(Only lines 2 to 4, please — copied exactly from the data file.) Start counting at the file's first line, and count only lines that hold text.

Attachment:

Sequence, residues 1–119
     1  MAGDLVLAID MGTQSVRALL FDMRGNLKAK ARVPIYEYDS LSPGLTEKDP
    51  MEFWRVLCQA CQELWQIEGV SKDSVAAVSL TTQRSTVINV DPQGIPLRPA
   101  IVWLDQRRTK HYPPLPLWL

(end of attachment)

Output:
     1  MAGDLVLAID MGTQSVRALL FDMRGNLKAK ARVPIYEYDS LSPGLTEKDP
    51  MEFWRVLCQA CQELWQIEGV SKDSVAAVSL TTQRSTVINV DPQGIPLRPA
   101  IVWLDQRRTK HYPPLPLWL